The engineers took the refresh opportunity to tweak the Durango toward the sportier side of the segment with stiffer springs and beefier sway bars. While far from a night-and-day transformation, the difference is noticeable and appreciated out on the roads. While never harsh, it is obvious the Durango is tuned towards the firm side of this segment. Thanks to the long wheelbase the Durango feels well composed on the highway or on broken pavement.

With a nearly 50/50 weight balance, wide 265-width tires, and a lower center of gravity than a “traditional SUV”, the Durango is easily the handling and road feeling champion. That’s not to say the Durango is some sort of sports car in disguise, but when you compare a well balanced 360 horsepower rear wheel drive elephant to a slightly lighter but much less balanced front driving elephant on skinny rubber, it’s easy to see which is more exciting. Thanks to the Mercedes roots there’s even a whiff of feedback in the steering, more than you can say for the average crossover. Despite the long wheelbase and wide tires, the Durango still cuts a fairly respectable 37-foot turning circle.

Those statement may have you scratching your head if you recall what I said about Jeep on which the Durango is based, I must admit I scratched my head as well. Although the Dodge and the Jeep share suspension design elements and a limited number of components, the tuning is quite different. The Grand Cherokee Summit rides 3.1-inchs higher and was equipped with the off-road oriented air suspension.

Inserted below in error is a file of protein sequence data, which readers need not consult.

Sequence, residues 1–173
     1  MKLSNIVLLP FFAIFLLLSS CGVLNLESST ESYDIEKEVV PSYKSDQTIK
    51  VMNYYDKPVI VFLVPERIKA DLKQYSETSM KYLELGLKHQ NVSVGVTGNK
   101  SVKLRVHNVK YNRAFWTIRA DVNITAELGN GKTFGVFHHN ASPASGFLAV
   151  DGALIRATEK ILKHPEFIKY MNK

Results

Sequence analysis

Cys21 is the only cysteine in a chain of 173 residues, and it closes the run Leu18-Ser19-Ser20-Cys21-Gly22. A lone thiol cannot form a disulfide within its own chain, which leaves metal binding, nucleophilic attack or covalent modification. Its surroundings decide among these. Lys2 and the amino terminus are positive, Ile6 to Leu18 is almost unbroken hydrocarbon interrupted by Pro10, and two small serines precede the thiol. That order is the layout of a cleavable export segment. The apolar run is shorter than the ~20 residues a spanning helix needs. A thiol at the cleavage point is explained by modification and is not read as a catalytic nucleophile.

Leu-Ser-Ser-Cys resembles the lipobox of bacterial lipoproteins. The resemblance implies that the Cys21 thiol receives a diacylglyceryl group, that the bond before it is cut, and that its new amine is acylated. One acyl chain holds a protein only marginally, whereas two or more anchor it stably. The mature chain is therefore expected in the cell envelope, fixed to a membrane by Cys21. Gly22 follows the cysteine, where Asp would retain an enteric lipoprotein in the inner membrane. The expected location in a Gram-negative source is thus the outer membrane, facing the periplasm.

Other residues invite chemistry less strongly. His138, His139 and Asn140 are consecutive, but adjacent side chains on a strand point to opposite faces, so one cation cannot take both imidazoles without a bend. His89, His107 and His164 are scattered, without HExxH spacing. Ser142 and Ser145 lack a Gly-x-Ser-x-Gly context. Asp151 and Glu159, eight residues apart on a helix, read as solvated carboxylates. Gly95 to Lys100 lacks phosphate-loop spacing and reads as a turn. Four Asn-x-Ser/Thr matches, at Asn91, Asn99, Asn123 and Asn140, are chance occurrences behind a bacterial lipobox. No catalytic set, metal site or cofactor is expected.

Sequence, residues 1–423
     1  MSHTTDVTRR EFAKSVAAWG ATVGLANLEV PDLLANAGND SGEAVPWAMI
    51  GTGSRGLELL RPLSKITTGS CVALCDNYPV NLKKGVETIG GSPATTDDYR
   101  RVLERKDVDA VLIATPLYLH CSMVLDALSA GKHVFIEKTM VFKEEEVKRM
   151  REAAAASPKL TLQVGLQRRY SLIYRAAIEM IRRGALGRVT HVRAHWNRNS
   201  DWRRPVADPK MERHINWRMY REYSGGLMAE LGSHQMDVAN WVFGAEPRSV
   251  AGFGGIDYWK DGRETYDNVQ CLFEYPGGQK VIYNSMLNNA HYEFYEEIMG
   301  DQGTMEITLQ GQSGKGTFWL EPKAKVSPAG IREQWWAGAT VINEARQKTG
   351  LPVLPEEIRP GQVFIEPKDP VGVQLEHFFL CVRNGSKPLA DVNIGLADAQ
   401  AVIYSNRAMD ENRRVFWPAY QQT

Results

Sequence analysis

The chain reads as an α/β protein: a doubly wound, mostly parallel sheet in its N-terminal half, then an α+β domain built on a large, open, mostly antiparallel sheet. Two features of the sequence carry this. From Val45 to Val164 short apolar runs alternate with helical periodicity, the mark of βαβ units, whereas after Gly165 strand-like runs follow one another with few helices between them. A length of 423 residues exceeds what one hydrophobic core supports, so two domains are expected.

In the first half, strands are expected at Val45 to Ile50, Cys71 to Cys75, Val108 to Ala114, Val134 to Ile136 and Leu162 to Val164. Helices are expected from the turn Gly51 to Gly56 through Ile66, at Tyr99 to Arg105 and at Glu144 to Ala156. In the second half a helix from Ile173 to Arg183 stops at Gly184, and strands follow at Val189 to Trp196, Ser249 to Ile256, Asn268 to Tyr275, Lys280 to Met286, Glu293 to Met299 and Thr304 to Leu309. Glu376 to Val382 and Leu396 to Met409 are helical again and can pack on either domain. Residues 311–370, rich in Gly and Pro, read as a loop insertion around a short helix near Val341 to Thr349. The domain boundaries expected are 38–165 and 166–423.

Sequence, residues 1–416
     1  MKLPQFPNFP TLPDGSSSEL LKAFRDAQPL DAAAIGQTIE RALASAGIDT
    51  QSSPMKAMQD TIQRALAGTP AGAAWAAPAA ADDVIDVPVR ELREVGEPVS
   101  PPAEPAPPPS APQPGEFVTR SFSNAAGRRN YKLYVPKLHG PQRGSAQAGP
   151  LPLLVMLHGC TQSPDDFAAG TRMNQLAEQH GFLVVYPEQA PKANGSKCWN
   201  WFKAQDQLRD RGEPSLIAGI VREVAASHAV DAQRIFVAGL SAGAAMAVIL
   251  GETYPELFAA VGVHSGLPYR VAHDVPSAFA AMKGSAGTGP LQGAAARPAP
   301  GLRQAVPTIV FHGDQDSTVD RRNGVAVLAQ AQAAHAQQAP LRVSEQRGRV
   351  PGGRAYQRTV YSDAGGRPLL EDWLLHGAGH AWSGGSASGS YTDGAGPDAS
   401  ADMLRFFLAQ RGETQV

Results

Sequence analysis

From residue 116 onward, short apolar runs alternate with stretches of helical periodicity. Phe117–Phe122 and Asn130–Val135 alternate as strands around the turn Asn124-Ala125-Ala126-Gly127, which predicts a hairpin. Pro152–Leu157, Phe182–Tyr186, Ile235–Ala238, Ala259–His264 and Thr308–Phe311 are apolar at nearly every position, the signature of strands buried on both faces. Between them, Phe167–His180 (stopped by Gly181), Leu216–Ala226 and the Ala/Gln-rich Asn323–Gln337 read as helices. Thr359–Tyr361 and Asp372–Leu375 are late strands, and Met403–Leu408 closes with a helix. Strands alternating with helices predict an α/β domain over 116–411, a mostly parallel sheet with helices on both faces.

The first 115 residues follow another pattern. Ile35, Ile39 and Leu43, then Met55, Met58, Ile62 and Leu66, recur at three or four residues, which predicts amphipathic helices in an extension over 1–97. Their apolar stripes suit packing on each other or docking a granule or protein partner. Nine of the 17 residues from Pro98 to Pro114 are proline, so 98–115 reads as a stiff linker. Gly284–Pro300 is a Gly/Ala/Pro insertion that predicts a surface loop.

2014 Dodge Durango Exterior-005

When it comes to performance, the new 8-speed automatic makes a night and day difference shaving a whopping 1.4 seconds off the 0-60 time versus the last V8 Durango we tested. The reason is all in the gear ratios. While the 545RFE and 65RFE transmissions suffered from some truly odd ratios, the ZF unit’s ratios are more evenly spread and dig deeper in the low gears. The result is a 6.0 second sprint to highway speeds which finally nips on the tails of the Explorer Sport which we’re told will do the same in 5.9-6.0 (TTAC hasn’t tested one yet). This proves what extra gears can do for you because the Explorer is 200lbs lighter and has a far more advantageous torque curve thanks to the twin turbos.

You can also thank the ZF transmission for the Durango’s robust towing numbers. V6 models are now rated for 6,200lbs while the V8 can haul up to 7,400lbs when properly equipped. That’s nearly 50% more than you can tow in any of the crossover competition and just 1,000 lbs shy of the average full-size body-on-frame hauler.